It’s amazing how progress in astronomy has followed in huge leaps upon the development of new observational technology. The Middle Eastern scholars of the first five hundred years AD gave us the basis for mapping the sky when they devised the concept of degrees of arc—the novel idea that cycles can be represented by circles, quantitatively divided up into equal segments we today call degrees. They also invented the astrolabe, an instrument for measuring celestial angles. This technology carried us through the revelations of Copernicus, the eye-watering accuracy of Tycho Brahe’s observational catalogues, and subsequent analysis by Johann Kepler which resulted in our understanding of orbital motion and which led ultimately to Newton’s laws of motion and gravitation.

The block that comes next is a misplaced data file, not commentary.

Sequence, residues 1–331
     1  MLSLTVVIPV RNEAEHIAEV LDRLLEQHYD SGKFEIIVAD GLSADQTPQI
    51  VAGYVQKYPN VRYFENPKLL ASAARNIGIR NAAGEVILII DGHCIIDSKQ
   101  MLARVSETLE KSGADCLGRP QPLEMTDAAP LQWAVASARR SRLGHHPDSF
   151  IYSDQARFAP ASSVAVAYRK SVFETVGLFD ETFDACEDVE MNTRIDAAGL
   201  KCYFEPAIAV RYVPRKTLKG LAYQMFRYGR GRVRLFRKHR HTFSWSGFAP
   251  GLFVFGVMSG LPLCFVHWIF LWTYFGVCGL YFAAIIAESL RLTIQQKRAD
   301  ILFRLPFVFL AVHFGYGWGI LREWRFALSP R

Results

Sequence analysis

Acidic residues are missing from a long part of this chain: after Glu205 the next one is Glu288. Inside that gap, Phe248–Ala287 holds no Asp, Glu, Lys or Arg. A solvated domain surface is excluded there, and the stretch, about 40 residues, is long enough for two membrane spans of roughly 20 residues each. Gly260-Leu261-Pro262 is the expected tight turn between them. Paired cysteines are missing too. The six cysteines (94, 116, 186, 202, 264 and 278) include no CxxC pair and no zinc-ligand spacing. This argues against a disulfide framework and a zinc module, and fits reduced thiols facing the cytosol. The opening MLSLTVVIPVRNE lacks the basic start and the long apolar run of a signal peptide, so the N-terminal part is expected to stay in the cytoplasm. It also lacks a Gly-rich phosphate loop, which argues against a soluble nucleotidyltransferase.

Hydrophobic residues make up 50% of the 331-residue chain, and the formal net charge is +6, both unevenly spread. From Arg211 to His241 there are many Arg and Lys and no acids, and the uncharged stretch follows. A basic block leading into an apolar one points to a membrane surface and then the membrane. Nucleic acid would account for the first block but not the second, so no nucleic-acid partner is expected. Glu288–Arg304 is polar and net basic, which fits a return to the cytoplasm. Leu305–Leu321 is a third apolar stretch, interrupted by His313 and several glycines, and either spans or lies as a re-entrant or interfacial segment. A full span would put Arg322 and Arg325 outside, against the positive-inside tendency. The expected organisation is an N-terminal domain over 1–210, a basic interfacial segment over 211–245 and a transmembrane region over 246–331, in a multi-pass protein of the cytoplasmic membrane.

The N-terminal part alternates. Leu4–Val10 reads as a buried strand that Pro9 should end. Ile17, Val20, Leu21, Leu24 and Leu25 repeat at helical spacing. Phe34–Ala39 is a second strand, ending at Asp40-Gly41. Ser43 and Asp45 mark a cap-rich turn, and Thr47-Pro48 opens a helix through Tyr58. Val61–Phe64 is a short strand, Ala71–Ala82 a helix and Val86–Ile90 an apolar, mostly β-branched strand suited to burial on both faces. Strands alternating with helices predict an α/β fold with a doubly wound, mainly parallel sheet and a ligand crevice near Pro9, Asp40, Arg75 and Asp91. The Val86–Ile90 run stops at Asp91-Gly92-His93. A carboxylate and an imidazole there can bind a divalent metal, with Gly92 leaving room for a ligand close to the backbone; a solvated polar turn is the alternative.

Isaac Newton went on to invent the reflecting telescope (his understanding of optics was incredible), but it was the employment of refracting lenses in tubes to collect light and magnify celestial images that really got astronomy going to a whole new level. Based on the refracting properties of a drop of water, the first glass lenses were put to use in crude microscopes, and then in spectacles to assist human eyesight. Galileo Galilei took a step into the unknown when he first pointed a telescope at the night sky, and really, nothing has been the same since.